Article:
Monument record MCC7950 - St Botolph's Priory, Colchester


St Botolph's Priory, founded at the close of the 11th century AD, was the first house of Augustinian Canons in the country.


Grid reference TL 9995 2497 (point) (FCE)
Map sheet TL92SE


Type and Period (3)

Full Description

Colchester - St Botolph's Priory Founded at the close of the C11, this was the first house of Augustinian Canons in the country. The priory was suppressed in 1536 and mostly destroyed except the nave, or such part as was parochial. The building was entirely ruined in the siege of 1648. Apart from minor details, the whole of what remains is of the mid C12. Seven bays remain from the nave which probably once extended further E. The W front extends as one composition the full width of the nave and aisles and was flanked by the two western towers. The N tower is ruined to near the ground while the lowest stage survives of the southern tower. Of the front itself, a fragment at the end of the S arcade rises to almost full height but the rest is ruined. The richly ornamented W doorway and the S aisle doorway largely survive but little remains of the N aisle doorway. The west front was richly decorated with window recesses and wall-arcading. Later features include C13 and C14 windows in the aisle walls. Nothing remains of the domestic buildings S of the church except the base of the N arcade wall of the cloister. A thick rubble wall incorporated in the house `now' shop, No 37 Botolph Street, is probably part of the entramnce or gateway to the Priory. According to the RCHM glass in a case in the Sw tower was found in excavations (when?). There is a C14 niche in the first column from the E of the N arcade. In the N aisle, on the N wall, painted masons lines on plaster are probably C14. Remains of tile paving in the nave and aisles also recorded by the RCHM. RCHM has plates and plan of the church. <1> Built almost entirely of stone and brick reused from Roman buildings. <3> Originally secular in 1093, established as the priory of St Julian and St Botolph before 1106, the first Augustinian house in England. <4> Church probably existed prior to the founding of the monastic establishment in 1093-1100. The church lies in an extensive Roman cemetery and a tessellated floor was found to the N (see for Roman remains). The first house in England to adopt the Augustinian Rule, c.1104-6. However, there is difficulty in assigning a precise date to the foundation. Colchester was a house of secular canons from 1093, and later decided to embrace the full religious life. A house was established for Augustinian Canons before 1107, probably sometime between 1104 and 1106. See original of this source for detailed refs. <8> Other ref. <9>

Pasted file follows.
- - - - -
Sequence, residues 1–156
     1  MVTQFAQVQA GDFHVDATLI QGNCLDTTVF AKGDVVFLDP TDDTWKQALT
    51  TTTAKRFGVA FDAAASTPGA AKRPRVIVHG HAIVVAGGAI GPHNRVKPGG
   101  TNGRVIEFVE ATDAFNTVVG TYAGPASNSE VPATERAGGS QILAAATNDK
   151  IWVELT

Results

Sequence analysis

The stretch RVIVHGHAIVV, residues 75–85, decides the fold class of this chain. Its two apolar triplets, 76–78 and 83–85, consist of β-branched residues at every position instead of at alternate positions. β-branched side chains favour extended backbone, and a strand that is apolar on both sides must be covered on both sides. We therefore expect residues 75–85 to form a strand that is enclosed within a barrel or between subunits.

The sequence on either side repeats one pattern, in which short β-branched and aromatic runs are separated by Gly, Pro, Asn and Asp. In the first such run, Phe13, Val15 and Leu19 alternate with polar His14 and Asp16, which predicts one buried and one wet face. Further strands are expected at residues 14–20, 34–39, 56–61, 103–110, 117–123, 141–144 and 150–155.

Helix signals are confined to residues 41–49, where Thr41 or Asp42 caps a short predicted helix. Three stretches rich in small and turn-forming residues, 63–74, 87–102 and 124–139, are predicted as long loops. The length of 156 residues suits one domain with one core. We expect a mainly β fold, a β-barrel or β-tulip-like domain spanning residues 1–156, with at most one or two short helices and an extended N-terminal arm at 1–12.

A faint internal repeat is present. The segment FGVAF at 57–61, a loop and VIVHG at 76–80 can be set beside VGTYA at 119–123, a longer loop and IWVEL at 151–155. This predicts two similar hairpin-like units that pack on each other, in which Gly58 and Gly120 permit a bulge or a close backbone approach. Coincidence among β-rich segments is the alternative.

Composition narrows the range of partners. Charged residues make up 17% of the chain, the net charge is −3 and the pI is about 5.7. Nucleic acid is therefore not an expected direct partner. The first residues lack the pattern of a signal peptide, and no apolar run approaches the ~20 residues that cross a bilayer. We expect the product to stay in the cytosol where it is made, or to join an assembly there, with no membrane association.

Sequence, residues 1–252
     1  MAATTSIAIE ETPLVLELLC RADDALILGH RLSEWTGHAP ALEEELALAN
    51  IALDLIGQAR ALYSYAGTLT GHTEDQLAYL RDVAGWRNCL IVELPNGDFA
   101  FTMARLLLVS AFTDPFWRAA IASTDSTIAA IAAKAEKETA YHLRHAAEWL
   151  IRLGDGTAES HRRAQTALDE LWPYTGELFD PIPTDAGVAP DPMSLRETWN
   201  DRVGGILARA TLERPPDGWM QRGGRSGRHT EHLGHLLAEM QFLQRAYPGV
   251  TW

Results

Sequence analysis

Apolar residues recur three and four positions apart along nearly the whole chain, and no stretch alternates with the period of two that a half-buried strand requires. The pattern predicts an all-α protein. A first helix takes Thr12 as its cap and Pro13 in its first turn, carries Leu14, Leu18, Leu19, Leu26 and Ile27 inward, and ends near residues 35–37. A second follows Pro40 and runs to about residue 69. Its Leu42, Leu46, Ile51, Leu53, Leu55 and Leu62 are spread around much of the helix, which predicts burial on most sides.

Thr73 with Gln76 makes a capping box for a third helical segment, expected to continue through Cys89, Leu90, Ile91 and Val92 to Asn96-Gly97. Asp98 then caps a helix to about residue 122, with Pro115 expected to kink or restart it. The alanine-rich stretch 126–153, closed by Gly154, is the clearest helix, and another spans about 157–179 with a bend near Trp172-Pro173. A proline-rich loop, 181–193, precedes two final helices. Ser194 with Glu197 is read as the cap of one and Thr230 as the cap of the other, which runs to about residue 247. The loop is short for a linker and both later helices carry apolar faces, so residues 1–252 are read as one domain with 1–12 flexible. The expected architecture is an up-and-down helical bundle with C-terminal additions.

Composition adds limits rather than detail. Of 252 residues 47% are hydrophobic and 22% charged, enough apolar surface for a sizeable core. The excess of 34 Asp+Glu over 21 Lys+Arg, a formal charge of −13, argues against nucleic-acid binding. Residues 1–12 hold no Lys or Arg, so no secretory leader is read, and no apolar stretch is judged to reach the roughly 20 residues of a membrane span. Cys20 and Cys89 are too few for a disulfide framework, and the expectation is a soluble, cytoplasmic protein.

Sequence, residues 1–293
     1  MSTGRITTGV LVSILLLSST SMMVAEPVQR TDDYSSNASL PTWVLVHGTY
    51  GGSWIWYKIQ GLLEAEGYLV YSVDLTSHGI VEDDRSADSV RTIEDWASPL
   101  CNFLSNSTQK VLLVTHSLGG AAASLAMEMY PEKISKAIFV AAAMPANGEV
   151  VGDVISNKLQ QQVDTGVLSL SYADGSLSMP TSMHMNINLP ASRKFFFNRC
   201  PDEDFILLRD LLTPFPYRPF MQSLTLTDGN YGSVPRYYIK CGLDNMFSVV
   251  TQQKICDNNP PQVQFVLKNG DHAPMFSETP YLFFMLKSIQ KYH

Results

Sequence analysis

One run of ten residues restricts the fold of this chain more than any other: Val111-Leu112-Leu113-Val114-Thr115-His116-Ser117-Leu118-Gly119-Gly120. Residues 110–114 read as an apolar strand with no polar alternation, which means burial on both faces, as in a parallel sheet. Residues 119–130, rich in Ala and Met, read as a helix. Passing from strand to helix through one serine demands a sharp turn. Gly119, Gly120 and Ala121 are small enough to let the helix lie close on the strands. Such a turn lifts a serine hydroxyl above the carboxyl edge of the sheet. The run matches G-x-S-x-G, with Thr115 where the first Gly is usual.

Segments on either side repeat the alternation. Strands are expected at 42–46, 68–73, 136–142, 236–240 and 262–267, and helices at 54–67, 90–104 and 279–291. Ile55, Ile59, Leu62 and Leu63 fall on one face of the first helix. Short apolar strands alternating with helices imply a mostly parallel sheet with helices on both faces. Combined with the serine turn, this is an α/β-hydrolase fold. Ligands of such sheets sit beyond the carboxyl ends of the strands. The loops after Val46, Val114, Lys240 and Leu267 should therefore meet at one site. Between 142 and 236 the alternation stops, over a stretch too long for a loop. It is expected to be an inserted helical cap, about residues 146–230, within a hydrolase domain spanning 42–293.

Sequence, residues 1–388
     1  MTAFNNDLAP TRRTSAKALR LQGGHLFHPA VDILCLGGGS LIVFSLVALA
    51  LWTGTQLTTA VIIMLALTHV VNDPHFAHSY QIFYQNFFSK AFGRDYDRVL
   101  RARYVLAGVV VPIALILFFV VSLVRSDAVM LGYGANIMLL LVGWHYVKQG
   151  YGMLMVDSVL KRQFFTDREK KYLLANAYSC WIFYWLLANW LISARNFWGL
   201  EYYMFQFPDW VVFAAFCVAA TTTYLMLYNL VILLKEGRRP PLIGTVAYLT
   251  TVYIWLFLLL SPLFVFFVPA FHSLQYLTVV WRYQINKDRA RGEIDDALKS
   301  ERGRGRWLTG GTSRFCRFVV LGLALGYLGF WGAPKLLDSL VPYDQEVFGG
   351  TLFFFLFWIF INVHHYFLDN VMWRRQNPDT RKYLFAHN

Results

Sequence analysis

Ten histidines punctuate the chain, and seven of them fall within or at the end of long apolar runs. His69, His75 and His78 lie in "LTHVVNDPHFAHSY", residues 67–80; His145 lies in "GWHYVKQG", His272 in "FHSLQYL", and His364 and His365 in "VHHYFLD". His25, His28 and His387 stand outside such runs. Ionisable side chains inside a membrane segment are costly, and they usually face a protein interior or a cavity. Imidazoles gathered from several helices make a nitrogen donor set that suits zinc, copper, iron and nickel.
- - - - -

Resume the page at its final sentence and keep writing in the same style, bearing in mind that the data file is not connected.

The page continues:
Site Assessment = The use of Roman brick so extensively in a building is unusual. The whole of the wall surfaces were no doubt originally plastered. <1> The building is immensely impressive as a ruin, but the grim severity which the absence of all surface embelishment gives may have been a quality of the church even when it was new. To an extent it would share this quality with all Early Norman buildings. <2> The west front is particularly fine, with curious interlacing arcades in brick. <3> Ground levels and sheds with light foundations suggest substantial remains of the transepts and eastern arms of the Priory church may still survive and are

Sources/Archives (9)

  • <1> DESC TEXT: RCHME. 1922. An Inventory of the Historical Monuments in Essex - Volume 3. Vol 3, pp.48-50.
  • <2> DESC TEXT: Pevsner, N. 1954. The Buildings of England, Essex. pp122-123.
  • <3> DESC TEXT: unknown. 1971. List of Buildings of Special Architectural or Historic Interest:Colchester. p114.
  • <4> RECORD SHEET/FORM: Ordnance Survey. unknown. OS cards. TL92NE3.144, 1976.
  • <5> DESC TEXT: unknown. 1960 0nwards. SMR form unknown.
  • <6> DESC TEXT: Department of the Environment. 1982. SMR.
  • <7> Scheduling record: Department of the Environment. 1986. DOE Scheduled Ancient Monuments, parts 5-8.
  • <8> DESC TEXT: Robinson, DM. 1980. The Geography of Augustinian Settlement. No 80, pp12-15, copy in SMR.
  • <9> DESC TEXT: Charles, D and Hadcock, RN. 1971. Medieval Religious Houses. p139, 155.

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Record last edited

Jan 9 2017 11:58AM

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